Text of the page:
March 20, 2009

5 days in Panama, discovery of the City

After 6 months in Guatemala, I needed to get out of the country for 72 hours to renew my visa. I heard about Panama from friends so when I saw a special offer to go there I decided to book a flight in March.

Yesterday I left Xela at 8 am to go to Guatemala City to catch my flight to Panama with a connection in San Jose, Costa Rica. After a long day traveling, I arrived in Panama City at 9:30 PM. I took a shared taxi to the hostel I'm staying. On the road from the airport, we passed in front of the huge skycrappers and steel towers that are growing like flowers. The residents of Panama often joke that Panama is the "Miami from the South", except that more English is spoken.

After a short night, I decided to go to the Miraflores Locks to see the famous canal. I decided to go there by public buses, after all I'm a world traveler and nothing scare me! Took a first bus to the terminal then found a second bus which brought me to the locks. All for only US$O.50! Here they use the old american school buses into the city and you pay the driver when you get off. You have to look on the front window for the name of the destination.

The Miraflores Locks were built in 1913 and stand at the Pacific entrance of the Canal. The canal is stretching on 80 kilometres from Panama City on the Pacific coast to Colon on the Atlantic coast. About 35 boats cross it everyday and pay up to US$126,000 of canal fees. But if they don't come through the Canal they will have to go via the Cap Horn and that will take them 2 to 3 more weeks. Crossing the canal takes 24 hours for big boats.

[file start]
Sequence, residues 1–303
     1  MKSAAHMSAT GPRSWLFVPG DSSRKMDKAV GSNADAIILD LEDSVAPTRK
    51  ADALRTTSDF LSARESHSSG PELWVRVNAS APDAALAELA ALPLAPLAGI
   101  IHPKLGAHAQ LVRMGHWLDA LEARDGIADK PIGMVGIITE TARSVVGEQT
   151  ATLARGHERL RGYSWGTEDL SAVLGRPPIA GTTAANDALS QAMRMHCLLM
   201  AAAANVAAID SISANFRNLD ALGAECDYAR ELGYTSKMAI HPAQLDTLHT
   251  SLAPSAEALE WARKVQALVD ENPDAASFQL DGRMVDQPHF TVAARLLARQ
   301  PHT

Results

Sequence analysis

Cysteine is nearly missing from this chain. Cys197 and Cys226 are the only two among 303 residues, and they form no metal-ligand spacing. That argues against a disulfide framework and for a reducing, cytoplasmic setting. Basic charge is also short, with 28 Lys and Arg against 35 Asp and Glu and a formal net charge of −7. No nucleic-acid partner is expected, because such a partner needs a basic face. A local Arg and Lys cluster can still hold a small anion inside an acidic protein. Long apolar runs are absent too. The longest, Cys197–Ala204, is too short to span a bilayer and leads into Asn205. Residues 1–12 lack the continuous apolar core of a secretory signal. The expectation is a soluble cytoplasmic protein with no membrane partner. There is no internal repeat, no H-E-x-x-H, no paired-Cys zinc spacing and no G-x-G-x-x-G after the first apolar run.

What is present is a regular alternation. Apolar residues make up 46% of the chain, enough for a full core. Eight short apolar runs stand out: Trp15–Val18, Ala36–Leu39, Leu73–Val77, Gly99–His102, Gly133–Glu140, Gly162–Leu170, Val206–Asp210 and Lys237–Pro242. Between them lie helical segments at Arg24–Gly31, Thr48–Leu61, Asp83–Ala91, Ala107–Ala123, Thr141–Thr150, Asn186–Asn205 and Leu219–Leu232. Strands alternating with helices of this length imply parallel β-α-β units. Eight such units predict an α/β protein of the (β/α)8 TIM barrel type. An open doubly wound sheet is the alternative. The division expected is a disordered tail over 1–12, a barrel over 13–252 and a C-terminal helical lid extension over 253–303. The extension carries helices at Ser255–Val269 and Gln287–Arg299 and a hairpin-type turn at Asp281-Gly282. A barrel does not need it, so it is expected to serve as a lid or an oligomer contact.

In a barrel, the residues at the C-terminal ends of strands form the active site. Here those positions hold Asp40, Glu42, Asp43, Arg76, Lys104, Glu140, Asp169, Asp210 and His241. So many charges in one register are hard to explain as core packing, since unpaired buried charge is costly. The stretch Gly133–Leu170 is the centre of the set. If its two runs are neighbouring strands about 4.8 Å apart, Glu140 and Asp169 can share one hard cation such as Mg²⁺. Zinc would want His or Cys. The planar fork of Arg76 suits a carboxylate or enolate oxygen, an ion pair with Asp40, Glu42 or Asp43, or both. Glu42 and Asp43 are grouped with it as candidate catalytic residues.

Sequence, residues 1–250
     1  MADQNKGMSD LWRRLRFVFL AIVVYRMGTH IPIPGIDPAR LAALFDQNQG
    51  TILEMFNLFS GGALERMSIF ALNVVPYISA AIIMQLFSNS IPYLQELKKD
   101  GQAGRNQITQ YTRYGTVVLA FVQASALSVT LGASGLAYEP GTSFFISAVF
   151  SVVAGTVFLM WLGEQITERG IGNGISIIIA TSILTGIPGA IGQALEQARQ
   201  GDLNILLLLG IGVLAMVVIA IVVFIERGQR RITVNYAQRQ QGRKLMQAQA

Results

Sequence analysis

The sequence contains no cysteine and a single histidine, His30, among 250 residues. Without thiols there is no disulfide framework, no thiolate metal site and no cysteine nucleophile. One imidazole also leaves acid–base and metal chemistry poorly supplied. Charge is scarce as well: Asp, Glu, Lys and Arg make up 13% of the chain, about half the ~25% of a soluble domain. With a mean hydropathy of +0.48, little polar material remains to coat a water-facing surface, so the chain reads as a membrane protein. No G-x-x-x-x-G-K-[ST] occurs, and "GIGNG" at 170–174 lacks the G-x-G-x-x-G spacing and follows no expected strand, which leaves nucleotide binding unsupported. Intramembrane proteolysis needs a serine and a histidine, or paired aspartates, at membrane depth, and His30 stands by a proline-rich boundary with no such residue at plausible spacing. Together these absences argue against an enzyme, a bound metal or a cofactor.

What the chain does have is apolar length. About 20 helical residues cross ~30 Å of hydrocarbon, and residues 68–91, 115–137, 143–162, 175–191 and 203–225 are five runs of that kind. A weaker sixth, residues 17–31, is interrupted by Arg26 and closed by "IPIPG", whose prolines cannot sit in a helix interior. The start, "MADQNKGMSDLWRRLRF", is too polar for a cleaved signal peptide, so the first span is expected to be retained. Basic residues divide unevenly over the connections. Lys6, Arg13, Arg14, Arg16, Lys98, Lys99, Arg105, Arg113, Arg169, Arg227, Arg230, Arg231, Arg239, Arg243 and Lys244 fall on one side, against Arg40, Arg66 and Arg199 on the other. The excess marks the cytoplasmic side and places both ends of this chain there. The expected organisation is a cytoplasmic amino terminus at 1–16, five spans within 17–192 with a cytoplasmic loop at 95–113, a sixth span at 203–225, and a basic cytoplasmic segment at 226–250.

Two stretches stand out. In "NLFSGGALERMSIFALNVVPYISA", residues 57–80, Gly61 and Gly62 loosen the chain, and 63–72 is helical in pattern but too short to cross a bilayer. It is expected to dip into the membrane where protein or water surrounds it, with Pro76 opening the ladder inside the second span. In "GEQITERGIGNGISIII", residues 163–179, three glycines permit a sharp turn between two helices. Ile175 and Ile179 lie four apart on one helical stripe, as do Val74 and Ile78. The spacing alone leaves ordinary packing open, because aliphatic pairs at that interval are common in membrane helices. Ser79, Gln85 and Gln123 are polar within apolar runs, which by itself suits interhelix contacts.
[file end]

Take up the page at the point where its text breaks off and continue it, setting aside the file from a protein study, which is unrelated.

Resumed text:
When I was at the Locks I saw 2 big boat crossing. Quite a spectacle!
The Canal was built by the American but in 1999 it was given to the Panamian Government.

Then I decided to take a taxi to Casco Viejo. Living in Guatemala teached me to negociate all prices and I'm getting good at it ;) I paid $5 instead of $8. Casco Viejo is the home of the last remnants of the City's colonial heritage. I especially liked the Plaza de Francia dedicated to the 22,000 workers, most of them from France, Guadeloupe and Martinique, who died during the construction of the Canal.

Back at the hostel, I realized that my camera was doing some strange noise. Oh no! It's not the time to let me down. As i was planing to buy a new camera here (because it's cheaper due to low taxes), I decided to do it today. I went to one of the big shoping center of the city and found one nice camera. So will try it tomorrow! How exciting!

To see pictures of my trip, click here

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